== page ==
Record High Exports in September

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By: Lam Nguyen

Overall, the deficit of goods and services is down from $43.8 billion (-$2.3 billion) in August (revised) to $41.5 billion in September. Specifically, exports increased from $181.4 billion (+$5.6 billion) in August (revised) to $187.0 billion in September. Imports went from $225.2 billion in August (revised) to $228.5 billion in September resulting in a +$3.4 billion increase.

Major contributors to the increase of goods exports include industrial supplies and materials (+$3.4 billion) and foods, feeds, and beverages (+$1.1 billion). For goods imports, the major contributors to the increase in September were consumer goods (+$2.7 billion) and industrial supplies and materials (+$1.2 billion). We also saw a decrease of automotive vehicles, parts, and engines for both exports (-$0.3 billion) and imports (-$0.9 billion).

For more detail, click here.

Liquefied Natural Gas Exports

Recently, Ambassador Ron Kirk, United States Trade Representative, discussed the impact of natural gas on the U.S. economy and its potential to decrease dependence on external energy sources. Out of the 234 U.S. trading partners, liquefied natural gas companies in the United States are only exporting to 31 countries. So far, in 2012 the world’s biggest consumer of U.S. Liquefied Natural Gas (LNG) is Japan with $160.1 million dollars worth of LNG imported from the United States alone. Other top consumers of LNG exports from the U.S. are Canada, India, Brazil, and Spain. In December, the United States will engage in negotiations with a dozen countries to forge an Asia-Pacific trade deal, which could potentially increase the number of LNG trading partners. So stay tuned!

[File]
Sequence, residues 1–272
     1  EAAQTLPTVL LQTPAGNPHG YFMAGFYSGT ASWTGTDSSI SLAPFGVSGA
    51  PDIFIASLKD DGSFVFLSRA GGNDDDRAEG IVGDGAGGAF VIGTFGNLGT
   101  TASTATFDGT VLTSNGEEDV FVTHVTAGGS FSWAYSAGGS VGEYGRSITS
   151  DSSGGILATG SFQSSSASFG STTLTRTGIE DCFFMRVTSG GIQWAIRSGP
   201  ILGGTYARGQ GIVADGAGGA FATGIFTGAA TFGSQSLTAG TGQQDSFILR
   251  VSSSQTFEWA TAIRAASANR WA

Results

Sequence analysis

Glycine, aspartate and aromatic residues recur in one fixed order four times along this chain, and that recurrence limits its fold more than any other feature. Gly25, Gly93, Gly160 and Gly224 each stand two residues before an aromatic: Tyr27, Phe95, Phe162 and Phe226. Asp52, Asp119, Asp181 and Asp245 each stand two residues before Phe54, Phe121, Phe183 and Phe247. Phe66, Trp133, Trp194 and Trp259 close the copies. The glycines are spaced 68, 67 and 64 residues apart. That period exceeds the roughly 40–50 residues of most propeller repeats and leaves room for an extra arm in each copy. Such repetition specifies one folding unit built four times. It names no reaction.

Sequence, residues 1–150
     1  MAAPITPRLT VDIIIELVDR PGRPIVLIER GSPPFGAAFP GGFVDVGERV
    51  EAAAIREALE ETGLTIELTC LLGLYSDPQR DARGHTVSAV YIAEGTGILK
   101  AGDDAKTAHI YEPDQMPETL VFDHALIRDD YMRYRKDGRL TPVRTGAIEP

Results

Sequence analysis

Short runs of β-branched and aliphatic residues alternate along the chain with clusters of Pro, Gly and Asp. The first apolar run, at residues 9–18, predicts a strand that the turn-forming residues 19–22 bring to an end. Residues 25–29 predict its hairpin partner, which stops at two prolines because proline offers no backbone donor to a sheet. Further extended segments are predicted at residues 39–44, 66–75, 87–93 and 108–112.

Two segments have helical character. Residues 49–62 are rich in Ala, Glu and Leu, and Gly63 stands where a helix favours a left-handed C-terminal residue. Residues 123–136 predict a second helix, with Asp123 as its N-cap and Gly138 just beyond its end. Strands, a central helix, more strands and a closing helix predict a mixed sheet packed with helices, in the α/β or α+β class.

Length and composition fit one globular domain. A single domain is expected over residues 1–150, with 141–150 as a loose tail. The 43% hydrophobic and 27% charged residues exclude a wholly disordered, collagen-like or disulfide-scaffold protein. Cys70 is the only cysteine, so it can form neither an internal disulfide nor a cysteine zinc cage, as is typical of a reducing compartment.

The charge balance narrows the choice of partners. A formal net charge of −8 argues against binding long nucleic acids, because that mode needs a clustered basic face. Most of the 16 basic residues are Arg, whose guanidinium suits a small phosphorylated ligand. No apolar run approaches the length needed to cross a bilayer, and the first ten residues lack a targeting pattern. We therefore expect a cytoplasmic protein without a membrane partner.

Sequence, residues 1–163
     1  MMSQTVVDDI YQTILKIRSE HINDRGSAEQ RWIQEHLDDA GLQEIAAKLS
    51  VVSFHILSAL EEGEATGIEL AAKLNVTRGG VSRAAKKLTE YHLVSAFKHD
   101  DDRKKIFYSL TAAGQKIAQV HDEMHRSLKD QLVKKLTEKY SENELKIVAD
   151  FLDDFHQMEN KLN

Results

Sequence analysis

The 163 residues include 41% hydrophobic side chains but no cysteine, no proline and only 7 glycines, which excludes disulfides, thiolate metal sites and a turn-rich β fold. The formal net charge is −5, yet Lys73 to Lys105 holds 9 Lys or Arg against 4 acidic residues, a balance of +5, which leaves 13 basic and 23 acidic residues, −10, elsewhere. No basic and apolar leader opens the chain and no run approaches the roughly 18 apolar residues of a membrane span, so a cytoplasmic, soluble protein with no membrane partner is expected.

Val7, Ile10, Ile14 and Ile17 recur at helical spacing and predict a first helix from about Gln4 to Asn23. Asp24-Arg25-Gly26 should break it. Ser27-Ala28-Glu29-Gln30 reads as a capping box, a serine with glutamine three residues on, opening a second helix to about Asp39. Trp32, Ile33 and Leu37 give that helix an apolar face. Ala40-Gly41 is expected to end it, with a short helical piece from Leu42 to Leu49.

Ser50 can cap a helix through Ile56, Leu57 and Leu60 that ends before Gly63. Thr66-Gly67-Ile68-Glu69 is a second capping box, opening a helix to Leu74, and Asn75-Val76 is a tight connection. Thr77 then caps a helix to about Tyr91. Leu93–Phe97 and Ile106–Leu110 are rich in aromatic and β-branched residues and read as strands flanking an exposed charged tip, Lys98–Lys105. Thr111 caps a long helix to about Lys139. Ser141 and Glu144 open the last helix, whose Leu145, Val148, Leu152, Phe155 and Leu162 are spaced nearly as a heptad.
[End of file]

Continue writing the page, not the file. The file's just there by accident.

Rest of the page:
The data mentioned in this post (and much more) can be found on USA Trade Online.

 

*Note: LNG is defined as imports and exports of Harmonized System (HS) code 271111.

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2 Responses to Record High Exports in September

  1. Bernard A. Friedrich says:

    Thank you for providing information and statistics on U.S. exports and imports,
    as well as on major US exporters and importers.

  2. Paul Ruth says:

    On the LNG exports, doesn’t it take a pretty complicated and expensive not to mention potentially dangerous process to liquify natural gas? It then has to be kept at a very low temperature when shipped, so this requires energy transfer also. I guess what I am asking, wouldn’t it be smarter to use the ng here by improving the infrastructure rather than an attempt to monetize it through export? The reduction of an import is the same as the increase of the same dollar of export and the use domestically requires a process that is alot less dangerous to the city or communities involved.

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